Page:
The reason, I think, that games like SWAT 4, Jagged Alliance, and so on can occasionally subvert this is that their levels are more open, but also more closed off in a larger sense. There's no transition to other areas, at least not within the area itself (Jagged Alliance had area transitions by walking to the edge of the area). The actual building exists only within the confines of the area itself; they don't have to worry about connecting it to the rest of the game. One level of "Hitman: Blood Money" takes place during Mardi Gras in New Orleans, and the level's limits immediately show themselves - there's a lot of locked doors, a lot of too-small buildings, and so on. The fact that a larger area has to be simultaneously established and cordoned off influences the development of the buildings that make up the whole thing.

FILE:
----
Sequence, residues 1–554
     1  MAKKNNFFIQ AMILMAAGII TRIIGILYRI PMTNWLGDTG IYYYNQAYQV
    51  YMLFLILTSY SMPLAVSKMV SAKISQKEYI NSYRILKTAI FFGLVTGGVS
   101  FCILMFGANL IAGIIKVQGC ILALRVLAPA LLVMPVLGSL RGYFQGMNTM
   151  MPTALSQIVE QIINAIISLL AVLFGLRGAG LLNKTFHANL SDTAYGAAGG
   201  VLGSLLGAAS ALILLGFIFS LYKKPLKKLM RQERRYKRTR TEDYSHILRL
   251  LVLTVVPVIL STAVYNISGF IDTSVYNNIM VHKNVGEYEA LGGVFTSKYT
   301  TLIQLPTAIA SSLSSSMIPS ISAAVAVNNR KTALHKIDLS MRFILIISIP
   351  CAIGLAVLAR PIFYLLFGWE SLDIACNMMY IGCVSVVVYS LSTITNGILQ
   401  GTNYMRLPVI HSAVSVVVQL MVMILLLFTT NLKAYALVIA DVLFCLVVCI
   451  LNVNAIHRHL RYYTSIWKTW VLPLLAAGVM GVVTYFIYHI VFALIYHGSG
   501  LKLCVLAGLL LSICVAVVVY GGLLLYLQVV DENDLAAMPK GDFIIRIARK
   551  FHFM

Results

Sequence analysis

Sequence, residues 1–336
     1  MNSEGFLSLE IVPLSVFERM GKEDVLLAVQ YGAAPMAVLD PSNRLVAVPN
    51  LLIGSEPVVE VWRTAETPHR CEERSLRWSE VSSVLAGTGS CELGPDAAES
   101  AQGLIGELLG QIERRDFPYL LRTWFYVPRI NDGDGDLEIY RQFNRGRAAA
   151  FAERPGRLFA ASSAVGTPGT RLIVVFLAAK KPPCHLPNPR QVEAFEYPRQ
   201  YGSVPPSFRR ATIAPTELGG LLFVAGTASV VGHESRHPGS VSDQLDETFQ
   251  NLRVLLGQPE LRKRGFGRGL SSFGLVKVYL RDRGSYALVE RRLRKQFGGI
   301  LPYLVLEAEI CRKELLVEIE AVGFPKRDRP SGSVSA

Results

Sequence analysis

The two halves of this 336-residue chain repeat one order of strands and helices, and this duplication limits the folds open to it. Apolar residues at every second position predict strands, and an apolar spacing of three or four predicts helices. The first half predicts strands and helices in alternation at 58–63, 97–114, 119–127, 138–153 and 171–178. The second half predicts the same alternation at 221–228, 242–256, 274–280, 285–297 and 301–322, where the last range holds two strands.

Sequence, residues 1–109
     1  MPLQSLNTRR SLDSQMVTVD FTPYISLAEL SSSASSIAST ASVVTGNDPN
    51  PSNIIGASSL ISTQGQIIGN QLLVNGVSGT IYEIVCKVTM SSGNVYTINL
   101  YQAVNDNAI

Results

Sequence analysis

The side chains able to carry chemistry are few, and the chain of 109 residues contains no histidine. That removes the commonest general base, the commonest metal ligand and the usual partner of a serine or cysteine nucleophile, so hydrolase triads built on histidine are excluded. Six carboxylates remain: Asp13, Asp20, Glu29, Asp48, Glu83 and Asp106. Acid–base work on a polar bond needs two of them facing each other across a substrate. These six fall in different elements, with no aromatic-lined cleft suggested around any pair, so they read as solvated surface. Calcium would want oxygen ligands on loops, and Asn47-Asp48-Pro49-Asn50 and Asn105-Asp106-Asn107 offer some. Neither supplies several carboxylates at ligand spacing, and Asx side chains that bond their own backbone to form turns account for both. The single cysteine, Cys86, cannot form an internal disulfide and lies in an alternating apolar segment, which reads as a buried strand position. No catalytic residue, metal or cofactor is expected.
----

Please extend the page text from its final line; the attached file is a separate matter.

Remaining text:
This hypothesis can also be connected to the level design in MGS3, where the buildings often stood in a larger area, with a lot fewer constraints. This meant that the constraints of linearity were often on the larger area (forests and cliffs serving as impenetrable barriers) while the building itself could be more sensibly designed. In MGS3's online mode, the design of urban areas was generally a lot more similar to the MGS4 example, with unlikely ramps and ladders and alleys everywhere. This is because in such an environment the city itself provides the constraints and scaling, which is less realistic than having a smaller structure in the middle of a larger open area.